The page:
Solid Waste & Recycling


Mercury product management in Canada

Perhaps Lewis Carroll was referring to the twinkle of mercury used for hat production in the 1800s, which led to the Hatter's ultimate madness. Mercury use dates back to 4,500 BC when Egyptians and Ch...

Perhaps Lewis Carroll was referring to the twinkle of mercury used for hat production in the 1800s, which led to the Hatter’s ultimate madness. Mercury use dates back to 4,500 BC when Egyptians and Chinese used it as a pigment to paint their tombs and preserve their dead. Since then humans have used this unique form of liquid metal for a variety of applications, including warding off evil spirits, healing, processing precious metals, and more recently, conducting electricity.

The toxic effects of mercury also date back to its early applications when workers in mercury mines were almost guaranteed death or insanity. More recent cases of direct mercury poisoning have occurred in Minamata, Japan (1956), Iraq (1971), and northwestern Ontario (1969). The first two incidents led to thousands of deaths and highly elevated mercury levels in survivors.

High-level mercury exposure can lead to birth defects, brain, kidney or liver damage, and central nervous system disorders. More recently, medical researchers have concluded that chronic exposure to low-levels of mercury by children and fetuses increases the risk of neurological damage, behavioral problems and learning disabilities. So serious are the toxicological effects of mercury exposure that a leading medical researcher, Dr. Philippe Grandjean, commented on governments inaction on mercury, warning, “Given the existence of many other neurotoxins about which we know much less, a regulatory stalemate on mercury is bad news for the protection of the brains of future generations”.

For the last decade, monitoring mercury releases to air and land has focused on large generators in the mining, electricity and pulp and paper sectors. For the most part, significant (~50 per cent) reductions in mercury emissions in this country can be attributed to upgrades to modern industrial processing technology. Today, these three sectors account for about 7.1 tonnes of mercury emissions and disposal. Under the Canadian Environmental Protection Act (CEPA) industry is required to report onsite and transferred mercury waste each year. But the tracking system — the National Pollutant Release Inventory (NPRI) — does not track mercury in products. This is a serious problem because under CEPA, Canada’s strategy for preventing mercury pollution is through so-called life-cycle management. Yet because of poor consumer education, no product labelling, and an immature household hazardous waste collection infrastructure, most mercury products end up in the municipal waste stream destined for landfills or incinerators. There is no lifecycle management infrastructure nor is there enough information to make informed decisions.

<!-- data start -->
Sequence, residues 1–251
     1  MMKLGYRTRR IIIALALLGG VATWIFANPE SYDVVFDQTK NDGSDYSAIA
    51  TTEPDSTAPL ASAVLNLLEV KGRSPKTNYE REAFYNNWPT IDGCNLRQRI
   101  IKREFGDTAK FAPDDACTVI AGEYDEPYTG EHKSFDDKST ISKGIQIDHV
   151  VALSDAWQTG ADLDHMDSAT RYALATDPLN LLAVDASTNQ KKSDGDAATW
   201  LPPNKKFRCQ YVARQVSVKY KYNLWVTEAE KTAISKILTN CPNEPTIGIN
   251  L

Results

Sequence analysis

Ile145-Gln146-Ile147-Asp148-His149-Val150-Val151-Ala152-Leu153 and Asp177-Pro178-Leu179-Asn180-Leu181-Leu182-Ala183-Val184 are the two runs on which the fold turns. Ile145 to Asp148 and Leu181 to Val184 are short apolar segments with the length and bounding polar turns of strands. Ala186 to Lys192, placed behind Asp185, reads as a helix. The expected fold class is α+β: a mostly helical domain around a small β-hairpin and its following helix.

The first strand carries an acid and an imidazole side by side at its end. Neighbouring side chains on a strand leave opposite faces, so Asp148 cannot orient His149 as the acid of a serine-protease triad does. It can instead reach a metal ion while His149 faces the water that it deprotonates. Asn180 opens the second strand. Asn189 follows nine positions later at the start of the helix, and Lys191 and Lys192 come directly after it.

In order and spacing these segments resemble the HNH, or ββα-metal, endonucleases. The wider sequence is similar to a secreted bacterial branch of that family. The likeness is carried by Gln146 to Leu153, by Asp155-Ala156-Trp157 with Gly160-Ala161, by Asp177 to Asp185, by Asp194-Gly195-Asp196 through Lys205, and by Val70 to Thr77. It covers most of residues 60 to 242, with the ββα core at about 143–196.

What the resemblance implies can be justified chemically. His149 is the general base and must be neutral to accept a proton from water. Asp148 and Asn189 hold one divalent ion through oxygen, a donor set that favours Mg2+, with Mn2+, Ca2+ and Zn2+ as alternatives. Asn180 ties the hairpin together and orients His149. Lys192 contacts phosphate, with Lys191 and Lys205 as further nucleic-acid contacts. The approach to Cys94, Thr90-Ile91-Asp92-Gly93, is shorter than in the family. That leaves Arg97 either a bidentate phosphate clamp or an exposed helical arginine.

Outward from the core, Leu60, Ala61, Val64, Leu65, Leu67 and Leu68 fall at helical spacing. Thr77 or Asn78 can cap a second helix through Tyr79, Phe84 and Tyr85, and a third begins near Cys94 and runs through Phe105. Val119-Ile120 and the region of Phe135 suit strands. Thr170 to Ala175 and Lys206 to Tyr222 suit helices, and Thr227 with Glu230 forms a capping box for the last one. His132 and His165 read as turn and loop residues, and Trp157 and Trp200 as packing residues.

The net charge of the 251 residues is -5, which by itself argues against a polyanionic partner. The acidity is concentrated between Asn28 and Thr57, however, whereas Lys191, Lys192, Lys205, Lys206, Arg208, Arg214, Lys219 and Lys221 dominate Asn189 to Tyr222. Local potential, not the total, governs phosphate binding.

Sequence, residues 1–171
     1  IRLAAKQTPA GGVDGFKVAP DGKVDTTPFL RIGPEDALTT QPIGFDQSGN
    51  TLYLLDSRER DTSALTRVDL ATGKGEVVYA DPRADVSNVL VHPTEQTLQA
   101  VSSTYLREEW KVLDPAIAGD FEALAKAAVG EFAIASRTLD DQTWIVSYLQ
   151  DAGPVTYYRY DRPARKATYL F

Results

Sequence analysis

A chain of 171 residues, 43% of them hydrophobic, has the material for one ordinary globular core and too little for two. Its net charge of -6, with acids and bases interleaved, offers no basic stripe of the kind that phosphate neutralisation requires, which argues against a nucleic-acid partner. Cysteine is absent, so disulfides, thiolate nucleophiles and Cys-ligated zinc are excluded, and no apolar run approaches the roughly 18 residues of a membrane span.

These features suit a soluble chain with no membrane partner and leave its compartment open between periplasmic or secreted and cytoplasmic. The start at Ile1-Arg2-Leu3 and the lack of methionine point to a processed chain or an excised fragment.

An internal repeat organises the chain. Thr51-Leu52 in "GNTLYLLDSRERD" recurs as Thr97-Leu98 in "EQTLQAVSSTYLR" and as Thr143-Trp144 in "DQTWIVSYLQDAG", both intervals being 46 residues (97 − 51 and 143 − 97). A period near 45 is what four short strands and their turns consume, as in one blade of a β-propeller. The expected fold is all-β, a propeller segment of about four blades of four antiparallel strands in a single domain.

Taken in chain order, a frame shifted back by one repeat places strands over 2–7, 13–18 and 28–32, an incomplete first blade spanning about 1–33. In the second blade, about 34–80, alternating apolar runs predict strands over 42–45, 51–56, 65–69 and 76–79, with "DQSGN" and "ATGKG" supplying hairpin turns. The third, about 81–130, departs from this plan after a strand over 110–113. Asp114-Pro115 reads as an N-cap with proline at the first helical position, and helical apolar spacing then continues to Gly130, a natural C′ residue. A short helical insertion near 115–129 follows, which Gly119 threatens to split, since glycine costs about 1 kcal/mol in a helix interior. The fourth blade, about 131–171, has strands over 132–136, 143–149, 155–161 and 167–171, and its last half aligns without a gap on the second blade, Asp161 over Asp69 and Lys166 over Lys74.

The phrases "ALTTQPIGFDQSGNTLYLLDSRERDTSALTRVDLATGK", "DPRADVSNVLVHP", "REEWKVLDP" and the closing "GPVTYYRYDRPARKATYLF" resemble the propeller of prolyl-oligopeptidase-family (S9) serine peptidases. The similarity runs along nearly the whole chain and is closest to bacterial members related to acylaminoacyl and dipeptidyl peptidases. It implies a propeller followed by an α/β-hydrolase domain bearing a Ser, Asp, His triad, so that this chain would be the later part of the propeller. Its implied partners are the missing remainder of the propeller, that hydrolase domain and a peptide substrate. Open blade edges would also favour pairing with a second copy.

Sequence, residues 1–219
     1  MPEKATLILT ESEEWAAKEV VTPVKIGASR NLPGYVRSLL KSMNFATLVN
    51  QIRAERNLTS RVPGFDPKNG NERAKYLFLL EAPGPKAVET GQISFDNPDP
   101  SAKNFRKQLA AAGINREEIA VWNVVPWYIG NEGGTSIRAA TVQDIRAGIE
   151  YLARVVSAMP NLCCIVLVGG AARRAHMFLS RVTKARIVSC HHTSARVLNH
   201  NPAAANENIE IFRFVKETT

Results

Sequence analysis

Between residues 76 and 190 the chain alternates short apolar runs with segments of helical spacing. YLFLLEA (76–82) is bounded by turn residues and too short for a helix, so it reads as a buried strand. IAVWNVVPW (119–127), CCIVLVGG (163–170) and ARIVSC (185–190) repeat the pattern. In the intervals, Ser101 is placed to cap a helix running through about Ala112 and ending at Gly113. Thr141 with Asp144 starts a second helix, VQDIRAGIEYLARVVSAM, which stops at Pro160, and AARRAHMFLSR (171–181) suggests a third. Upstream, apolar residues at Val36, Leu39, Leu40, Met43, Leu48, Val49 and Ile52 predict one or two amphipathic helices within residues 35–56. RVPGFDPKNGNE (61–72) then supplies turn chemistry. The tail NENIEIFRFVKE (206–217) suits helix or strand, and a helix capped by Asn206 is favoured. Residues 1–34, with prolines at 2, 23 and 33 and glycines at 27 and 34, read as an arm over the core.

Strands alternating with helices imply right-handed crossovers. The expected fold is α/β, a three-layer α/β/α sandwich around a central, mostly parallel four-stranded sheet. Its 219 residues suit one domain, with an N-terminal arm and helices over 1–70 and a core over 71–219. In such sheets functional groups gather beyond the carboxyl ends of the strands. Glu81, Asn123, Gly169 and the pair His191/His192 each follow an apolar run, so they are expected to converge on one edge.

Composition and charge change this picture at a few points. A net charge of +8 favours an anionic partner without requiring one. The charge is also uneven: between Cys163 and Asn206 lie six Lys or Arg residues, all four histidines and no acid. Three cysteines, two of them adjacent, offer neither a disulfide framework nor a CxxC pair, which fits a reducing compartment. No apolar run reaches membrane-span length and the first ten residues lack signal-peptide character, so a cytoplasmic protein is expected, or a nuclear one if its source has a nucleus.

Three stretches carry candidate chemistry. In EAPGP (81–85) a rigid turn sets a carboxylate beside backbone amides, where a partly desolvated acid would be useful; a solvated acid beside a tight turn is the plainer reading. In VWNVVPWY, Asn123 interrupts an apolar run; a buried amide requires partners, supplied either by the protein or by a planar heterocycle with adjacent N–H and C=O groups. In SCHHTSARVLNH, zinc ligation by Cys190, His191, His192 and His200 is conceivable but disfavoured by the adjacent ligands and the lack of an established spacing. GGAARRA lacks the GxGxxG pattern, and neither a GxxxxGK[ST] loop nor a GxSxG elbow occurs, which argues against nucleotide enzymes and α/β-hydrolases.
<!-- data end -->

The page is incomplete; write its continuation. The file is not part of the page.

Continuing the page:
Recent analysis confirms that municipal solid waste may indeed be the greatest source of mercury pollution in Canada today (op.cit.).

Thousands of grams of mercury are put into consumer products sold in Canada every year. These include fluorescent lamps, thermostats, automobiles, appliances, electrical switches and gauges, thermometers, hospital equipment, dental amalgam, contact-lens solution, and even nasal spray. While cost-effective alternatives to mercury use in these products do exist (except for fluorescent lamps), there are no restrictions in Canada on putting mercury into consumer products (outside of children’s toys). U.S. consumption data tells us that about 70 per cent less mercury is used in products today than ten years ago. This may explain Canada’s laissez-faire attitude toward mercury policy. The trouble is that many of the products sold ten years ago are still in use, or are being stored, and will be disposed over the next decade.